Prosperity without growth
Further to the discussion I had with Kiashu in the previous post, I thought a recent post from the Oil Drum would be appropriate to continue our discussion on why it seems we have to consume always more and if there are alternatives.
A British organization wonders in it’s latest report if we can achieve prosperity without growth. This is an important question as economic growth is seen as the ultimate goal of our modern societies.
This paper is worth reading as it clearly shows the limits of our current thinking based on infinite growth in a finite world. My guess is that we will have to stop linear thinking and start circular.
Indeed, we manufacture stuff that we use and then throw away when we don’t use them anymore. Reducing and recycling would go a long way towards sustainability. As an example, 900 kilograms of paper can be created with a ton of used paper.
Likewise, efficiency would be a major improvement of our societies. Why should we have more and more stuff ? Can we get back on focusing in being rather than having ? These are questions that have been in my mind for months…
But without further ado, here is how this report begins:
Every society clings to a myth by which it lives. Ours is the myth of economic growth. For the last five decades the pursuit of growth has been the single most important policy goal across the world. The global economy is almost five times the size it was half a century ago. If it continues to grow at the same rate the economy will be 80 times that size by the year 2100…
… In short, this report challenges the assumption of continued economic expansion in rich countries and asks: is it possible to achieve prosperity without growth?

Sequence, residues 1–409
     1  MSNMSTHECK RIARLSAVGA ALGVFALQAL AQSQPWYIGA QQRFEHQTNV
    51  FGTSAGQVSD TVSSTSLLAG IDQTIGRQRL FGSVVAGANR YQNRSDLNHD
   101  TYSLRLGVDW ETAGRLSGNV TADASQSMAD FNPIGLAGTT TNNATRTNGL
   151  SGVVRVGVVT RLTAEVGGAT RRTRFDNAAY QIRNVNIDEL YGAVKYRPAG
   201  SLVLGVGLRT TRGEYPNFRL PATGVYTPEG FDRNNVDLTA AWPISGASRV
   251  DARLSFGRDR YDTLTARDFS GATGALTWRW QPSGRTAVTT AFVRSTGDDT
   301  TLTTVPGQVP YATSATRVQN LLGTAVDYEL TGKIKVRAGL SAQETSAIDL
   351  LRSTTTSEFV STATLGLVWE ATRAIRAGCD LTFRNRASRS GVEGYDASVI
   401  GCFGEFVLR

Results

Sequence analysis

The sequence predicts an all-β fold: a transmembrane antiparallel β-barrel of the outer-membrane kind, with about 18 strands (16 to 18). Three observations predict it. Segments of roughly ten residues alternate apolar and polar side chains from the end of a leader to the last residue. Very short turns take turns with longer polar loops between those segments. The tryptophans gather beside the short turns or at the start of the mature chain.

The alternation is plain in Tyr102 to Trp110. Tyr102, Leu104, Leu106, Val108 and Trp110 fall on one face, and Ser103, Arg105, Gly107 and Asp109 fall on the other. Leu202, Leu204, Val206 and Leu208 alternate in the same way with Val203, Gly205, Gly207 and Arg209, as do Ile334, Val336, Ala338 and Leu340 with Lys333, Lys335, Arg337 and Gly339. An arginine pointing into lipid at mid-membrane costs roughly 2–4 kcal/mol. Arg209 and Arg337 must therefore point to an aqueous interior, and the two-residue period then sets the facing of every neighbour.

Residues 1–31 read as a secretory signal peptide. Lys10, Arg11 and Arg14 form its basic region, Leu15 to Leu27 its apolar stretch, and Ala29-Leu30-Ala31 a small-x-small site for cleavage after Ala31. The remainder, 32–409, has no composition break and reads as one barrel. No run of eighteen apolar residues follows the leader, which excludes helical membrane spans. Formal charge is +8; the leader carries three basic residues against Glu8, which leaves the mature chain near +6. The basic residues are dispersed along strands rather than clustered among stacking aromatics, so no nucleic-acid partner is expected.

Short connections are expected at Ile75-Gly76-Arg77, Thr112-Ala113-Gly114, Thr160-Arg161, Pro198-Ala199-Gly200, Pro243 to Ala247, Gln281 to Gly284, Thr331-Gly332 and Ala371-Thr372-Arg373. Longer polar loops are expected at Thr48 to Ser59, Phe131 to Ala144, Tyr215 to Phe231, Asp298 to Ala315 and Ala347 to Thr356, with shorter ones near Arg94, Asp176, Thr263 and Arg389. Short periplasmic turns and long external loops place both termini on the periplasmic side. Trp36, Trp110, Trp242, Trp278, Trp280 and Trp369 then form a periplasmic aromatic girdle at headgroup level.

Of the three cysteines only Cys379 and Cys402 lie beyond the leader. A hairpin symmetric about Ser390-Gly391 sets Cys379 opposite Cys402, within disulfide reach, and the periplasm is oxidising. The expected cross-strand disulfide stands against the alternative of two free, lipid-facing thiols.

It notes in its summary facts that are worth spreading:
Growth has delivered its beneits, at best, unequally. A fifth of the world’s population earns just 2% of global income. Inequality is higher in the OECD nations than it was 20 years ago. And while the rich got richer, middle-class incomes in Western countries were stagnant in real terms long before the recession.
Far from raising the living standard for those who most needed it, growth let much of the world’s population down. Wealth trickled up to the lucky few.
Fairness (or the lack of it) is just one of several reasons to question the conventional formula for achieving prosperity. As he economy expands, so do the resource implications associated with it. These impacts are already unsustainable. In the last quarter of a century the global economy has doubled, while an estimated 60% of the world’s ecosystems have been degraded.
Global carbon emissions have risen by 40% since 1990 (the Kyoto Protocol ‘base year’). Signiicant scarcity in key resources – such as oil – may be less than a decade away.
A world in which things simply go on as usual is already inconceivable. But what about a world in which nine billion people all aspire to the level of affluence achieved in the OECD nations?
Such an economy would need to be 15 times the size of this one by 2050 and 40 times bigger by the end of the century. What does such an economy look like? What does it run on? Does it really offer a credible vision for a shared and lasting prosperity?
These indeed are interesting questions that we will have to answer quickly if we want to avoid collapse. Let us not suffer the fate of previous societies.
To learn out more, please download now the full report (pdf. 3 Mo ; 136 pages)